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Skaldic Poetry of the Scandinavian Middle Ages

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Snorri Sturluson (SnSt)

13th century; volume 3; ed. Kari Ellen Gade;

III. Háttatal (Ht) - 102

Skj info: Snorri Sturluson, Islandsk höfding og skjald, 1178-1241. (AII, 52-79, BII, 60-90).

Skj poems:
1. En drape om Skule jarl
2. Háttatal
3. Af et religiøst digt (?)
4. Lausavísur
4. Lausavísur

prose works

Háttatal — SnSt HtIII

Kari Ellen Gade 2017, ‘(Introduction to) Snorri Sturluson, Háttatal’ in Kari Ellen Gade and Edith Marold (eds), Poetry from Treatises on Poetics. Skaldic Poetry of the Scandinavian Middle Ages 3. Turnhout: Brepols, p. 1094.

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Skj: Snorri Sturluson: 2. Háttatal, 1222-23 (AII, 52-77, BII, 61-88)

SkP info: III, 1163

old edition introduction edition manuscripts transcriptions concordance search files

54 — SnSt Ht 54III

edition interactive full text transcriptions old edition references concordance

 

Cite as: Kari Ellen Gade (ed.) 2017, ‘Snorri Sturluson, Háttatal 54’ in Kari Ellen Gade and Edith Marold (eds), Poetry from Treatises on Poetics. Skaldic Poetry of the Scandinavian Middle Ages 3. Turnhout: Brepols, p. 1163.

Skýtr at Skǫglar veðri,
en skjaldagi haldask,
Hildar hlemmidrífu
of hvítum þrǫm rítar.
Enn í sœfis sveita
at sverðtogi ferðar
rýðr aldar vinr odda
— þats jarlmegin — snarla.

Skýtr {hlemmidrífu Hildar} of hvítum þrǫm rítar at {veðri Skǫglar}, en skjaldagi haldask. Enn {vinr aldar} rýðr odda snarla í {sveita sœfis} at {sverðtogi} ferðar; þats jarlmegin.

{The rumbling blizzard of Hildr <valkyrie>} [ARROWS] is shot over the white rim of the shield at {the storm of Skǫgul <valkyrie>} [BATTLE], and the shields do not endure. And {the friend of the people} [RULER] reddens spear-points quickly in {the sweat of the sword} [BLOOD] at {the sword-drawing} [BATTLE] of the company; that is the power of the jarl.

Mss: R(50r), Tˣ(52r), W(146), U(54v) (SnE)

Readings: [2] en skjaldagi haldask: ‘en skiolldv\n/gi halldiz’ U    [3] hlemmi‑: ‘hlemi’ or ‘hleini’ Tˣ, ‘hleimi’ U    [4] hvítum: hvítan Tˣ, W;    þrǫm: þrym W    [7] aldar: alda W;    vinr: so all others, vin R    [8] jarl‑: jarls Tˣ, W, U

Editions: Skj: Snorri Sturluson, 2. Háttatal 54: AII, 66-7, BII, 76, Skald II, 42, NN §2276; SnE 1848-87, I, 666-9, II, 395, III, 125, SnE 1879-81, I, 9, 80, II, 21, SnE 1931, 238, SnE 2007, 24; Konráð Gíslason 1895-7, I, 32-3.

Context: The dróttkvætt variant is called Ragnars háttr ‘Ragnarr’s verse-form’, and this and the following four stanzas (sts 55-8) illustrate metrical peculiarities that occur in the poetry of ancient skalds (fornskáld). Ragnarr is the legendary king Ragnarr loðbrók ‘Hairy-breeches’ (RloðVIII); see Ragnars saga loðbrókar (Ragn). The stanza is characterised by a lack of internal rhymes in the odd lines and by alliteration in position 2 rather than in position 1 in the even lines (anacrusis: Sievers’s Types B (l. 4) and C3 (ll. 2, 6, 8)).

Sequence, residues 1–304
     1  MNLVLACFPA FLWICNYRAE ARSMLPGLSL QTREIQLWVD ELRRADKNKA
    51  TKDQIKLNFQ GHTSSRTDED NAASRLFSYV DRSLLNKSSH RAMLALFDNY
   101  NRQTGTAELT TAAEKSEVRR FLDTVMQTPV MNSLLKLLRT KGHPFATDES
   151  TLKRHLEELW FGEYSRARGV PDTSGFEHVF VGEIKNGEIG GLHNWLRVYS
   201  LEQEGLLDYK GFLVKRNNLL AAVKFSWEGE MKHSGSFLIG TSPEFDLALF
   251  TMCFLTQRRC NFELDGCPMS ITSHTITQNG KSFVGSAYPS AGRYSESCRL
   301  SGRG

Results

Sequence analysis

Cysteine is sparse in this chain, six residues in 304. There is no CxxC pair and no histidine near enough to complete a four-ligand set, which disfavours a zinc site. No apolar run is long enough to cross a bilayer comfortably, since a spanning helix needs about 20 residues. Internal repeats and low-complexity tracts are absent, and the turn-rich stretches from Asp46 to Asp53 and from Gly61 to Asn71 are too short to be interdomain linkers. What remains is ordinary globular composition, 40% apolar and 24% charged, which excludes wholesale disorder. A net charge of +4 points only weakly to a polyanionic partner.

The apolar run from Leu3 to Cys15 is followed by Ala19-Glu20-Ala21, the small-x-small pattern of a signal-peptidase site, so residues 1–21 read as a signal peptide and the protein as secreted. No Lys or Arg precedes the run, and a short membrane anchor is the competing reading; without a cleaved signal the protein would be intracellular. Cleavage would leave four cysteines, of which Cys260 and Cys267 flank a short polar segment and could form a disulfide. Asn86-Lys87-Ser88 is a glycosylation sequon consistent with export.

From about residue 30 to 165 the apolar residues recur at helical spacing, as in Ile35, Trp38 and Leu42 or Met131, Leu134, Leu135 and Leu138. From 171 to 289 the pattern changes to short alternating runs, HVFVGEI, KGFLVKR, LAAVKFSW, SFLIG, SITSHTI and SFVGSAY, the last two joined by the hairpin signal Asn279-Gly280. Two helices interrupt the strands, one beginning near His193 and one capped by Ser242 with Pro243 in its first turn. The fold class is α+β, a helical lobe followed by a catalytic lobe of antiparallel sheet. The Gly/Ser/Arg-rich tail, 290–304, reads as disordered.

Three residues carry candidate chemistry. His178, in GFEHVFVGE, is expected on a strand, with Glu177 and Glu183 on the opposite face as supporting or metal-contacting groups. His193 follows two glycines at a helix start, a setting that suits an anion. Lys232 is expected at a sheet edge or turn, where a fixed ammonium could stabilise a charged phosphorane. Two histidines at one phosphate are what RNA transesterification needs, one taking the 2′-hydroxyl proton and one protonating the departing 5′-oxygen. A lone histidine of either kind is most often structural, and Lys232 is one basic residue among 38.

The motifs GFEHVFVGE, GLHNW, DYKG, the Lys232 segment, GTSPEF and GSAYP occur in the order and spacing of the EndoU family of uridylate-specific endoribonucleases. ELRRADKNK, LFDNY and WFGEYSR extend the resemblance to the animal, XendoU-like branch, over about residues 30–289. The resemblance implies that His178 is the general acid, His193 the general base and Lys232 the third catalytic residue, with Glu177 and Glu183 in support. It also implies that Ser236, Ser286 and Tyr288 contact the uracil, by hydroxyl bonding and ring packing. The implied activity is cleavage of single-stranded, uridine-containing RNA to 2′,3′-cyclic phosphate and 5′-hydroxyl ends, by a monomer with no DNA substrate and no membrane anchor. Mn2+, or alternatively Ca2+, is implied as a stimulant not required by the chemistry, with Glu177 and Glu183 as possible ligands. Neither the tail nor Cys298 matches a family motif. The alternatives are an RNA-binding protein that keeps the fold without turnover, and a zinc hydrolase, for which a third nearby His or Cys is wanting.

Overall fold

Notes: [All]: The heading in is Ragnars háttr. 46. The metrical features that characterise Ragnars háttr are fairly common in the earliest dróttkvætt poetry (including a stanza attributed to Ragnarr (Rloð Lv 7/7-8VIII (Ragn 23)), but they are never carried through as systematically as in the present stanza. — [1] skýtr ‘is shot’: The verb is used impersonally with hlemmidrífu Hildar ‘the rumbling blizzard of Hildr <valkyrie> [ARROWS]’ as the dat./instr. object. This kenning could also be taken as a kenning for ‘battle’, but the context shows that ‘arrows’ are meant here. — [2] skjaldagi ‘the shields do not’: This word is obscure, but scholars agree that the ending ‑gi represents the suffixed negation. Following Möbius (SnE 1879-81, I, 113) and Konráð Gíslason (1895-7), Finnur Jónsson (LP: gi (ki); skjǫldr) suggests an unattested m. nom. pl. form (skjaldar instead of skildir) with the suffixed negation ‑gi (skjaldar-gi > skjaldagi; see also ANG §396 Anm. 1). Kock (NN §2276) adopts the U variant skjǫldungi, which he takes as a dat. pl. (skjǫldum) with the negation ‑gi (skjǫldum-gi > skjǫldungi): skjǫldungi haldask ‘(they) are unable to protect themselves with the shields’. — [3] hlemmidrífu ‘the rumbling blizzard’: This cpd is otherwise not attested in Old Norse, and it is formed from the weak verb hlemma ‘rumble, resound, scream’ and the weak f. noun drífa ‘snowdrift, blizzard’. — [5] sœfis ‘of the sword’: In R ‘sofis’ has been altered to ‘sǫ́fis’ (R*). — [7] aldar ‘of the people’: An attempt has been made in R to erase <r> (or <ar>).

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